"I think we made improvement in the secondary. I think we had better eye control, read run/pass a little bit better. I think everybody made improvement. I think there is still room for adjustments, making adjustments and getting in the right position. We had a few mental errors that were costly, especially on third down, whether they were technique-type things or errors in assignment, which were not as prevalent as the week before, but we certainly made progress. Mark Barron played extremely well, and his leadership is really helping the other players I think. I think DeQuan Menzie played a lot better in this game – more confident in his role. We've just got to keep improving, because this will be a real challenge for us this week."

On red zone defense and the turnovers against Penn State:

"I think the turnovers were critical in this game. They always have a significant impact on every game. Playing well in the red zone is one of our goals and one of the things we feel are really, really important. Not giving up big plays and playing well in the red zone are going to make you difficult to score on. We have given up some big plays, but we played very well in the red zone and that's been helpful to keeping the point count down. The turnovers really contributed to that this week. Some of them we created with pressure – a couple of them. One we created with a good hit, and I think that's all good football. We've got to continue to be aggressive in those areas so we can make plays. We really emphasize turnovers all the time, but especially in this fall camp. So far it's paid off for us, especially in this past game."

On defensive players that have caught his eye in the first two games:

"I think Kerry Murphy did a really good job of moving out and playing a different position in this past game because we felt like we needed to be a little more physical against a bigger, more physical offensive line. I thought he did a really nice job in this game. I think the biggest thing we've done – and if we continue to get our players to do this – is play together as a unit. Everybody do your job. Everybody be responsible for what they're supposed to do. Get your eyes in the right place. Key the right things and react the right way. So far, when we've done that, we've been fairly successful, and when we haven't done that, we've been susceptible to giving up plays. I think the consistency in performance is the key to being able to do that. I think everybody on defense has to do it a little bit better. I'm not disappointed in anyone. I'm not disappointed in the way we played. I just think we need to focus on getting a lot better, which we are capable of, because the things we're talking about are correctable things. It's maturity, it's people buying in to doing it that way and believing that it's going to help them be more successful individually and collectively. I think that's what we've got to continue to do."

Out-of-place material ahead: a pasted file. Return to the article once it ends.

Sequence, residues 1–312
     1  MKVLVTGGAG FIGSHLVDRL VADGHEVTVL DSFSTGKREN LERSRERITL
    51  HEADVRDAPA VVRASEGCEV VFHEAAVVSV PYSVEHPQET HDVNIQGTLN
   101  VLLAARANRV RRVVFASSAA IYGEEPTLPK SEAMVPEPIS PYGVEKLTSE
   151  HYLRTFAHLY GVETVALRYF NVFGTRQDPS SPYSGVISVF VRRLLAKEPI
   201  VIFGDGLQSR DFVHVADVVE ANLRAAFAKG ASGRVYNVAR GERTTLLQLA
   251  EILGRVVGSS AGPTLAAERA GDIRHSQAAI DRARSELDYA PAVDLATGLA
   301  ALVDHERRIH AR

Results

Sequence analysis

On his pre-game meeting at midfield with Joe Paterno and Bobby Bowden:

"Those two guys have obviously had a great impact on college football. They're great ambassadors for college football. They've done what I think as professionals you should try to do in your program, in terms of helping players be successful as people and students. They've been very successful on the field in developing players. They care about the players after they leave their programs. I just think that those guys are icons in our profession. I never personally thought I would be standing on the field talking to either one of them, let alone both together. I just have a tremendous amount of respect for both of those guys and all they've done for college football."

On Ed Stinson's performance Saturday night:

"He did good and bad, like most players do the first time they get a chance to play. He made some very, very good plays. He played hard, was physical and aggressive, and there were times when he got a little bit confused and made some mental errors. We're pleased with his progress, and it was probably a good opportunity for him to get in against a good football team and get some experience in how to play and what it takes to play. He did a nice job for us."

On Julio Jones changing the culture of how wide receivers approach their work at UA:

"I think what I was speaking of was not what he does in the game, on the field in terms of his ability to make plays, but it's how he works every day, the toughness that he has, the attitude, preparation and being a hard worker. We're very fortunate here that our best players have been very good people, whether you look at guys from last year whether it's Javier Arenas, Rolando McClain, Kareem Jackson, or whether it's Trent (Richardson), Mark (Ingram), Julio, Mark Barron or (Dont'a) Hightower. Those guys are all really good people. They've got the right stuff character wise and they're very good players. I think that has a tremendous impact on, first of all the other people in your group, but also on your unit. Julio and receivers are sometimes guys who, they should want the ball, no doubt, but sometimes can be affected a little when they don't get the ball and don't see other parts of what they do as important to the success of the offense. Julio, because he's such a good blocker, physical and tough, that's sort of permeated throughout the group. I think that's one of reasons we have as many long runs as we do."